Riquna Williams: Quietly had the best season of her career in 2021. Even in the Aces system under Laimbeer, she got up nearly 5 3PA attempts per game. That can and should go up under Hammon, to the 6 she shot in LA, or even 7. Even if her 3 point percentage dips a bit with harder attempts, teams will guard her more closely if she firing away out there.
Chelsea Gray: Gray at this point is best used as a wing who can pass like a point guard. She can guard other teams wings using her strength, and not forced to guard speedy point guards. On offense, something the Aces could try are small-small pick and rolls with Gray and Plum. If the opposing point guard switches onto Gray, let her get to work in the post. If they don’t switch, let Plum attack the advantage.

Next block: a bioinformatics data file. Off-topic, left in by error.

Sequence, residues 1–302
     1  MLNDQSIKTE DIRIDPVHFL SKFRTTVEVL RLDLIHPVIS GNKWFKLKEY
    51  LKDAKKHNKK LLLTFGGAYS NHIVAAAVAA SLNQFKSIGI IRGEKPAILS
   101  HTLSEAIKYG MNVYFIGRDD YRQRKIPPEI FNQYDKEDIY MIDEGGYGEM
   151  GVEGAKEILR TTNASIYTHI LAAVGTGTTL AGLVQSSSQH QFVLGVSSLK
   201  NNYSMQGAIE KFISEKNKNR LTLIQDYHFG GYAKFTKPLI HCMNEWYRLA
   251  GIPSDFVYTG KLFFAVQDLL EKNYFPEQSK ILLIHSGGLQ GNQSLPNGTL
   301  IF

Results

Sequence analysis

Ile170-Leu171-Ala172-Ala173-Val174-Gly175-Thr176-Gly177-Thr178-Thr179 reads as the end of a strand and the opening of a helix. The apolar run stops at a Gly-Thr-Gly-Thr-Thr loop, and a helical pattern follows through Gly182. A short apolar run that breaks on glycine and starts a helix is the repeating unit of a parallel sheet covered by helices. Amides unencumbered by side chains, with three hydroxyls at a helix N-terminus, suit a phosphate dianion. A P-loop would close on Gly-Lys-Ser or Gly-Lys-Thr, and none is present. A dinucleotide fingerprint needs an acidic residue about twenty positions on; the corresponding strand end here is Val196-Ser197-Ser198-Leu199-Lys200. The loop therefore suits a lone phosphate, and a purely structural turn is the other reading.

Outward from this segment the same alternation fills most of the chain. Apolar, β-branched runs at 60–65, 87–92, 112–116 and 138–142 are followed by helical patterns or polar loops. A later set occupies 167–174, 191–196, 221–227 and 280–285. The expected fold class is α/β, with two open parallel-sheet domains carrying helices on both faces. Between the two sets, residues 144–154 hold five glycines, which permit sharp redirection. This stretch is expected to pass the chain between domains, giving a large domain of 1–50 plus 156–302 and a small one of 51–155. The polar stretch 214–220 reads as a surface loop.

Dearica Hamby: Hamby can often take the more difficult front court matchup, even if she is giving up quite a bit of size, and she offers just enough stretch to help out Wilson. More willingness to shoot would be nice, but not necessary. Assuming health, if she still comes off the bench she should still be getting closer to 32 minutes per game, not 24 she got in 2021.
A’ja Wilson: My pick for MVP this year, because she should be continuing to improve and her raw numbers will be back up as she will be the focal point of this team. W MVP voters tend to prefer players on a top 2 team, but might as well start pushing for a player who drags a somewhat lesser roster to 3 or 4, where It hink the Aces will finish. 3 point shooting is the obvious thing Wilson could add, but passing is more important and should continue to improve. Last year was Wilson’s best passing season and this one could be even better.